By Rebecca Logan
Investors in the former Prince Charles Hotel have big plans for breathing life back into a decaying building that has served as both a shining jewel of downtown Fayetteville — and a topless bar. That sentence may sound familiar: Ones just like it have been written many times as previous efforts to renovate the 1920s hotel failed due to lack of experience or resources.
This time, investors include Michael Cohen, founder of a California solar-energy company, and developer Michael Lemanski, who has rehabbed several historic buildings in downtown Durham. Lemanski heads UNC Chapel Hill’s Development Finance Initiative, which helps local governments attract private capital for major projects.
Lemanski’s Prince Charles Holdings bought the seven-story building at auction for $200,000 more than a year ago. A planned $14 million renovation includes 13,000 square feet of retail space and 62 apartments.
“Similar to many of the communities we are working in, there is a pent-up demand for urban apartments in downtown Fayetteville,” Lemanski says. He declined to say when the work might start.
The iconic building has many stories to tell. Famous visitors have included Amelia Earhart, Mickey Rooney and Babe Ruth. There are darker tales, like when a 1930s police chief was found dead under unresolved circumstances, says Fayetteville historian Bruce Daws.
“There was that period of time when it was highly in vogue. Then there was rock bottom — probably in the late ‘60s or early ‘70s,” Daws says. “That’s when it was occupied by nothing but drug dealers, prostitutes and other types of criminals.”
Lemanski in March began private negotiations with the city for a 10-acre mixed-use project on land adjacent to the hotel that could involve private and public funds. Lemanski anticipates about $50 million in private capital will be spent on the development, which he describes as having “an urban feel that you might find in other larger cities.”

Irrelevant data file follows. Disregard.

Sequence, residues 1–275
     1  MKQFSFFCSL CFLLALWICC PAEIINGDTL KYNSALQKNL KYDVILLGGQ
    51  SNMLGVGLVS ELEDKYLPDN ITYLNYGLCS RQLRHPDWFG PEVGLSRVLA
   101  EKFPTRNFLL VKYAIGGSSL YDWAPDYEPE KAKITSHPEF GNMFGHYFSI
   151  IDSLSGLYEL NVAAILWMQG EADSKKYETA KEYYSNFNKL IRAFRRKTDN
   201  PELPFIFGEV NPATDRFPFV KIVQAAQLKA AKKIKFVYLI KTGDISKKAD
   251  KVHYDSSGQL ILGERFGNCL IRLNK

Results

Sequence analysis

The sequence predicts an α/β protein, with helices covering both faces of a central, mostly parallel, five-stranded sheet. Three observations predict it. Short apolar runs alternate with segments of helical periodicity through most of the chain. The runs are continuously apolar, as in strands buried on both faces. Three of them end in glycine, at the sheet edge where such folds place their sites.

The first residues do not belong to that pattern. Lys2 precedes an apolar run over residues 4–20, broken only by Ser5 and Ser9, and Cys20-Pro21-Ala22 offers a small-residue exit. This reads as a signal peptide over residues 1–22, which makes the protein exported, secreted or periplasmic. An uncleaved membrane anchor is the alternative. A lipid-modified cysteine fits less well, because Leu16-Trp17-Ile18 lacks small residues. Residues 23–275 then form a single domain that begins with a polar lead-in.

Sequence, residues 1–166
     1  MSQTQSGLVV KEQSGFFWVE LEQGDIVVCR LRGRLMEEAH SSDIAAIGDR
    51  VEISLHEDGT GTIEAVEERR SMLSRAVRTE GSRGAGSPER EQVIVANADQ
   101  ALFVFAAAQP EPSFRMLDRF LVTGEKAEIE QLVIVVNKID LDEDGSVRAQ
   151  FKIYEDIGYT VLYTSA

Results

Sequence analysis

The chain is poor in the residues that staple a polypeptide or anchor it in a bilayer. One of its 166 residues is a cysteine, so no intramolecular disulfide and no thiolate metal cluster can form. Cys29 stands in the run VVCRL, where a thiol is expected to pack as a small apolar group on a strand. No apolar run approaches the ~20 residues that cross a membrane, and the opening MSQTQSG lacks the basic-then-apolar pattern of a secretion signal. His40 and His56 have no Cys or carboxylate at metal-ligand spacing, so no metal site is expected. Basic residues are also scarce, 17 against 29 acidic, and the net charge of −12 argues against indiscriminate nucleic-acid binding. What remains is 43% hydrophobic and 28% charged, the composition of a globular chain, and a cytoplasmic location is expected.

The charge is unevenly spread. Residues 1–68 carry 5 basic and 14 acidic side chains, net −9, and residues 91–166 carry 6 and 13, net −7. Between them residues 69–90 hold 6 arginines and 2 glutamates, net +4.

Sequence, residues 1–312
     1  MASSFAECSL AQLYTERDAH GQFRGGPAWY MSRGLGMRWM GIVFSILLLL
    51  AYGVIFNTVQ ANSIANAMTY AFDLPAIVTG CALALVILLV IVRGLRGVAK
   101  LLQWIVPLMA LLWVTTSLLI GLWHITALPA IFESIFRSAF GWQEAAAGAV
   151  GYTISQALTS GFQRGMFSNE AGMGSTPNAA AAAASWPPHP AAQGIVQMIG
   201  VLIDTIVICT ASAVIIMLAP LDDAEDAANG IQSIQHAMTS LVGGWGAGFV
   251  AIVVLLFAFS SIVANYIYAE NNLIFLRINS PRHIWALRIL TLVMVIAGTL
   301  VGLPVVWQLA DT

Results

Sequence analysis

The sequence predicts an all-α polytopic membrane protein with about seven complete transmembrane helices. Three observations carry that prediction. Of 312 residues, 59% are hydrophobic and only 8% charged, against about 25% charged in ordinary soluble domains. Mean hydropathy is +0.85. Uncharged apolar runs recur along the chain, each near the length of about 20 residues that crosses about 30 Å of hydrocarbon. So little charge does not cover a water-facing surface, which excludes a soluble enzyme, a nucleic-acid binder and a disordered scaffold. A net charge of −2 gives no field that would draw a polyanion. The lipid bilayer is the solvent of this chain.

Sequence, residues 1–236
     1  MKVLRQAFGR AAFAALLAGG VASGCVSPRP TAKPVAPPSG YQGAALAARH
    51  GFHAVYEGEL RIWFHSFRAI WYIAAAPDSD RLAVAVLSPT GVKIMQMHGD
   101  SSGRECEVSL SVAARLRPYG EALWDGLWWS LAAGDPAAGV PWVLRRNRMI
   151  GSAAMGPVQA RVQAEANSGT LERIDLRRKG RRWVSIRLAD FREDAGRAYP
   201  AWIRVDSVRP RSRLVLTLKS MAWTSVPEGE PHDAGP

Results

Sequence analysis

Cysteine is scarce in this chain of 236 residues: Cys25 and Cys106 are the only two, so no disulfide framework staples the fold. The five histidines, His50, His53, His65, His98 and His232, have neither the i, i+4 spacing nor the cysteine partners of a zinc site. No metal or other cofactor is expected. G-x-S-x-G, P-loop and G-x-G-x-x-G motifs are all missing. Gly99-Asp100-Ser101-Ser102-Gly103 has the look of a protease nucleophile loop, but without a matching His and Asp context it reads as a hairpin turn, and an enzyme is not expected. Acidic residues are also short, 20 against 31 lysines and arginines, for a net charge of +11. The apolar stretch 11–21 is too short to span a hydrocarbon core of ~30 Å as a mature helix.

“The Prince Charles is such a symbol of Fayetteville’s past,” said Ted Voorhees in an email four days before he resigned under pressure as city manager. “To bring it back within the context of a new mixed-use activity center will set the tone for major progress moving forward.”
Mayor Nat Robertson says the Prince Charles and adjacent projects will move forward without Voorhees, whom The Fayetteville Observer described as instrumental in attracting the hotel developers. “Mr. Voorhees’ departure will not lessen the enthusiasm this City Council or this community has in getting this project off the ground,” Robertson said in an email.
Cecil Staton was named the 11th chancellor of East Carolina University. He has been interim president of Valdosta State University in Georgia since last year and vice chancellor for extended education in the University System of Georgia since 2014. Staton, 58, was a Georgia state senator from 2005-14. His annual salary of $450,000 will make him the third-highest-paid chancellor in the UNC System, trailing Randy Woodson at N.C. State and Carol Folt at UNC Chapel Hill. He replaces Steve Ballard, who plans to return to a faculty job after 12 years leading the university, which has more than 28,000 students. A first-generation college student, the Greenville, S.C., native has a bachelor’s degree from Furman University, two master’s degrees from Southeastern Baptist Theological Seminary and a doctorate from Oxford University.
LUMBERTON – Alamac Investors will add 14 jobs to its 175 in a $1.1 million expansion at its local textile plant. Once part of WestPoint Pepperell, the Burlington-based company makes knit fabrics for uniforms, military apparel and home furnishings.
DUNN – Select Bank & Trust named W. Keith Betts regional executive for the Brunswick and New Hanover markets. He was CEO and president of Coastal Bank & Trust in Jacksonville, with about $78 million in assets. Select, which has 14 branches and about $816 million in assets, opened its first branch in the Wilmington region in December, acquiring a former Yadkin Bank branch in Leland.
TURKEY – Del Monte Foods will close its plant in Sampson County and 322 workers will lose their jobs. The plant has packaged sweet potatoes, greens, squash and other vegetables since 1991. The work will be consolidated into other U.S. plants.
NORTHAMPTON COUNTY – Duke Energy acquired six 5-megawatt solar projects in eastern North Carolina, including four here and one each in Edgecombe and Hertford counties. The Charlotte-based utility now operates 30 solar facilities in the state, adding 300 megawatts last year.
WRIGHTSVILLE BEACH – Koolbridge Solar plans to make more than 2.5 million shares of common stock available in a direct public offering. The company is developing a residential breaker box that uses solar energy, drawing from the electrical grid only when solar is unavailable.